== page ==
but all of them were written and reviewed in the Japanese literature.10 Therefore, the definition and characterization of this disease have not been well recognized in the world, although Nagashima-type PPK is included in the diffuse autosomal recessive type of hereditary PPKs without associated features, even in the English-language reviews.1 We report a typical case of Nagashima-type PPK for the first time (to our knowledge) in the English-language literature and present an additional genetic analysis.
A 17-year-old boy presented with bilateral reddish, palmoplantar hyperkeratotic lesions (Figure 1) that extended into the dorsum of the hands and the Achilles tendon area (Figure 1B and D). The condition, which had developed within the first 2 years of life and had progressed until 2 to 3 years earlier, was associated with hyperhidrosis on his palms and soles, accompanied by a distinct odor and maceration.
The patient was otherwise healthy, and his family history was negative for similar disorders. The lesions had been treated with topical 0.1%
betamethasone valerate ointment and keratolytic moisturizing creams for the associated contact dermatitis. The results of a potassium hydrochloride test were negative for fungi on the palms and soles.
Clinical appearance. A and C, Bilateral reddish, palmoplantar hyperkeratotic lesions on the palms and soles. B and D, The lesions extend onto the dorsum of the hands and the Achilles tendon area.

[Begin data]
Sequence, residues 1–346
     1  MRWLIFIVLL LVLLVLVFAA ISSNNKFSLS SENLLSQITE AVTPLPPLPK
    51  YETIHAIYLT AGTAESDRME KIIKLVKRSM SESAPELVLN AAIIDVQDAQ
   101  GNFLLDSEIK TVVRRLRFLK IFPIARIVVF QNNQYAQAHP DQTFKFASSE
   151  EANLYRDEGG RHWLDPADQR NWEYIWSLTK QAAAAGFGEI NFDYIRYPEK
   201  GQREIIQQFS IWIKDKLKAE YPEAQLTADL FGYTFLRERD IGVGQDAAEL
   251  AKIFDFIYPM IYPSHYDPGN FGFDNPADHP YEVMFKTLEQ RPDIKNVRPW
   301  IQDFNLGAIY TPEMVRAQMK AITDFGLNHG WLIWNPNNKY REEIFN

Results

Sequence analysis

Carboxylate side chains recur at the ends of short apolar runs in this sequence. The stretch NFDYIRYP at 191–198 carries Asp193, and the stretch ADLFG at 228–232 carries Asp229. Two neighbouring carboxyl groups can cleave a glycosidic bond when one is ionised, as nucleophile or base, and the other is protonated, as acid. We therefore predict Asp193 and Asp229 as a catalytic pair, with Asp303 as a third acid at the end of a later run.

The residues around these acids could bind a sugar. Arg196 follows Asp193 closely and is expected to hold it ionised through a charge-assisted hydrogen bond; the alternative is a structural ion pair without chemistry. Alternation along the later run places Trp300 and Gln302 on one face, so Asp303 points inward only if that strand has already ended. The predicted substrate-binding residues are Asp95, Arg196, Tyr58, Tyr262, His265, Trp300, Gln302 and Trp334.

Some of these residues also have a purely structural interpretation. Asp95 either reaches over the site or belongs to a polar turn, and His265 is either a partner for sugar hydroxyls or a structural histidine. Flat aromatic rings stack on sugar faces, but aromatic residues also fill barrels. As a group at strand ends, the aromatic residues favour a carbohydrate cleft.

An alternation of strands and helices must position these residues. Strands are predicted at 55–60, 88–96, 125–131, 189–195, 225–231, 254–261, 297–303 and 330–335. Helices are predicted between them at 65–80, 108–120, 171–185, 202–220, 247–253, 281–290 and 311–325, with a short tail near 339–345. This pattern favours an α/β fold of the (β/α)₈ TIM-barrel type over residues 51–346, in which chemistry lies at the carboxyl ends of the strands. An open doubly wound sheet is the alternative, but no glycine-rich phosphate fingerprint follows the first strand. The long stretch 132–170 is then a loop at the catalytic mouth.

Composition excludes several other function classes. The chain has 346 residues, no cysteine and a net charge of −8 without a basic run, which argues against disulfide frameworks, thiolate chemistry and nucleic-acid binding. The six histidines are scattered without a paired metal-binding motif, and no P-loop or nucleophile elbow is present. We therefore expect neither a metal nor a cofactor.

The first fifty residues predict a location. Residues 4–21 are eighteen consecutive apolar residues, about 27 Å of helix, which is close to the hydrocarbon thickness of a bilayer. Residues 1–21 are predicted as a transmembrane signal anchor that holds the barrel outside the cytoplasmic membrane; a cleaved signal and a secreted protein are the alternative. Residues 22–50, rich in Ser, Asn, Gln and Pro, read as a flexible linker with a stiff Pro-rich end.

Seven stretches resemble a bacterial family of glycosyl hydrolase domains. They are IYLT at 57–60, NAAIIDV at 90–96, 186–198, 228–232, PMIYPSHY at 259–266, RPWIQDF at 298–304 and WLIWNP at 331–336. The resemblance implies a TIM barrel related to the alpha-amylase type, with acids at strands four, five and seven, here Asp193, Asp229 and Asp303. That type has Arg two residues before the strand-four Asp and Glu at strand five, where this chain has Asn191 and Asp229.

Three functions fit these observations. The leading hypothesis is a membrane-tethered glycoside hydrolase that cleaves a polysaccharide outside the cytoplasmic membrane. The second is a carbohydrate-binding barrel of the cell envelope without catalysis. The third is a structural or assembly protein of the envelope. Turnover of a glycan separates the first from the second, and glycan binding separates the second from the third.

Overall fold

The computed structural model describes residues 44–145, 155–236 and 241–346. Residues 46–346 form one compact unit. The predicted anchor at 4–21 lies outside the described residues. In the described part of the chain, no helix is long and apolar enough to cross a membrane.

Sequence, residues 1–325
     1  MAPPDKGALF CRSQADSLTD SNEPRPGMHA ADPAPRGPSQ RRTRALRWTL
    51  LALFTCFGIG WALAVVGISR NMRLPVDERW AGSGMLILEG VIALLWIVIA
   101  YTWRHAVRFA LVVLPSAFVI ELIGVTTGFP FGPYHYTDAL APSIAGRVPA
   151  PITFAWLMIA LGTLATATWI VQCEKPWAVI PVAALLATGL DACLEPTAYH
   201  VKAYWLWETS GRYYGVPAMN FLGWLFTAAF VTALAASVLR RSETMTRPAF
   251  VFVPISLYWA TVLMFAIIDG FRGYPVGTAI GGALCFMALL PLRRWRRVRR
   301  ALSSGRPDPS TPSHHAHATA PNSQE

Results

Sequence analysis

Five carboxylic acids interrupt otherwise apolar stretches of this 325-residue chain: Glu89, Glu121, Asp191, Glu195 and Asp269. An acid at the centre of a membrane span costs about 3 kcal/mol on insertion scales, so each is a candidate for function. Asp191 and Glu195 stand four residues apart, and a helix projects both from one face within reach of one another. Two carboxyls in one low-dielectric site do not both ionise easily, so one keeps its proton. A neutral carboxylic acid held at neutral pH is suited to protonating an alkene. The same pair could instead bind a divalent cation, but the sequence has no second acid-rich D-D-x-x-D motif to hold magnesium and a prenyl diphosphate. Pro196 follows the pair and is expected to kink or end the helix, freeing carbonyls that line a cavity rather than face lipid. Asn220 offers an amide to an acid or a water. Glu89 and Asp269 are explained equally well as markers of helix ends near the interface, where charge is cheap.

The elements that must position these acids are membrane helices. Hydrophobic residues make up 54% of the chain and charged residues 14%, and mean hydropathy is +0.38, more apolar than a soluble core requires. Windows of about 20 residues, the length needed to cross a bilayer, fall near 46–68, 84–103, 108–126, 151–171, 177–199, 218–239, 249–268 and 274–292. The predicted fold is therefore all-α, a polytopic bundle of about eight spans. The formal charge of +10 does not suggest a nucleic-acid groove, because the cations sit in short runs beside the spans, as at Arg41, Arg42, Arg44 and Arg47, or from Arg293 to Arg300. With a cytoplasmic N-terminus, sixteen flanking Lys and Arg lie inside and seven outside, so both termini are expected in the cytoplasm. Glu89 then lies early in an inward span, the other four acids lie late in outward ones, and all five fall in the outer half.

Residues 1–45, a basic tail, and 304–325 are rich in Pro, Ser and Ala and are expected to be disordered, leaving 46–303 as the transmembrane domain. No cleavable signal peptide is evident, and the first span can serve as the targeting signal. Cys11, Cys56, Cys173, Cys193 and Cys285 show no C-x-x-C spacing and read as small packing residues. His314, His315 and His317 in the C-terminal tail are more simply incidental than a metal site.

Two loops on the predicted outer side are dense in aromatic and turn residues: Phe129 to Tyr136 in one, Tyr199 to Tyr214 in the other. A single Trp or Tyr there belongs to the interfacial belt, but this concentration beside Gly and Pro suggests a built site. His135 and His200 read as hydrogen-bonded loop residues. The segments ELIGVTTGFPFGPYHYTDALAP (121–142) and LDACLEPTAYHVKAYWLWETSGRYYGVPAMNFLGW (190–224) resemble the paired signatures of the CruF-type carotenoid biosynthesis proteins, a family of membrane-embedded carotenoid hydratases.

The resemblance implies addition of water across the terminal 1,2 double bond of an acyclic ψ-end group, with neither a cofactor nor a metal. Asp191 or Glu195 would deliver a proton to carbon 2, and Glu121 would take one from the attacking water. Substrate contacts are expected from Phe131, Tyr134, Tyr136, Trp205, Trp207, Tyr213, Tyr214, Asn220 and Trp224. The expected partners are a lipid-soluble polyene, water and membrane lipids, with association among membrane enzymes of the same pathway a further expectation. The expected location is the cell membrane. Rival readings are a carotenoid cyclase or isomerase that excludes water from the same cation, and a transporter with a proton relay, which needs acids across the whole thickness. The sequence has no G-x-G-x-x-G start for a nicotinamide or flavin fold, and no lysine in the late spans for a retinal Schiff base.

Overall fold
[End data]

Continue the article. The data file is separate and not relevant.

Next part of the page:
A biopsy specimen from the erythematous dorsum of the hand showed orthokeratotic hyperkeratosis with acanthosis, hypergranulosis, and mild perivascular inflammatory infiltration (Figure 2A). A moderate lymphocytic infiltrate in the upper dermis was also noted (Figure 2B). There was no viral inclusion, granular degeneration, or epithelial cell abnormalities.
Histologic findings (hematoxylin-eosin,
original magnification ×10 [A] and ×20 [B]). A, A biopsy specimen from the dorsum of the hand shows orthokeratotic hyperkeratosis with acanthosis, hypergranulosis, and mild perivascular inflammatory infiltration. B, A higher-power view also shows moderate lymphocytic infiltration in the upper dermis.
Quantification of sweat production was performed by Minor iodine-starch tests,11 with some modification. Briefly,
starch was put on the palms of subjects in a temperature- and moisture-controlled room at 26°C and 50% moisture. Five minutes later, excessive starch was wiped off, and photographs were taken. Compared with a normal healthy control subject, the patient exhibited a marked change of starch color to purple by sweating (Figure 3).
Iodide starch test. Five minutes after starch was applied to the palms of the control (A) and the patient (B), excessive starch was wiped off, and photographs were taken.
The subjects were enrolled and local ethical guidelines were followed. Genomic DNA was isolated from peripheral blood leukocytes by proteinase K and the phenol/chloroform/isoamylalcohol extraction procedure. The SLURP1 gene (EMBL HSARS81S;
NCBI X99977) was amplified via polymerase chain reaction in the thermal cycler (Eppendorf AG, Hamburg, Germany) using a forward (5′-GTCAGGCGCCTAAAATCAAG-3′)
and a reverse (5′-AGCAGGTGCCTAGAATGTGC-3′) primer pair.
Initially, the polymerase chain reaction was subjected to denaturation for 2 minutes at 96°C, followed by 30 cycles of amplification (1 minute at 96°C, 1 minute at 65°C, and 2 minutes 30 seconds at 72°C). A final elongation step (5 minutes at 72°C) was applied at the end of the 30 cycles.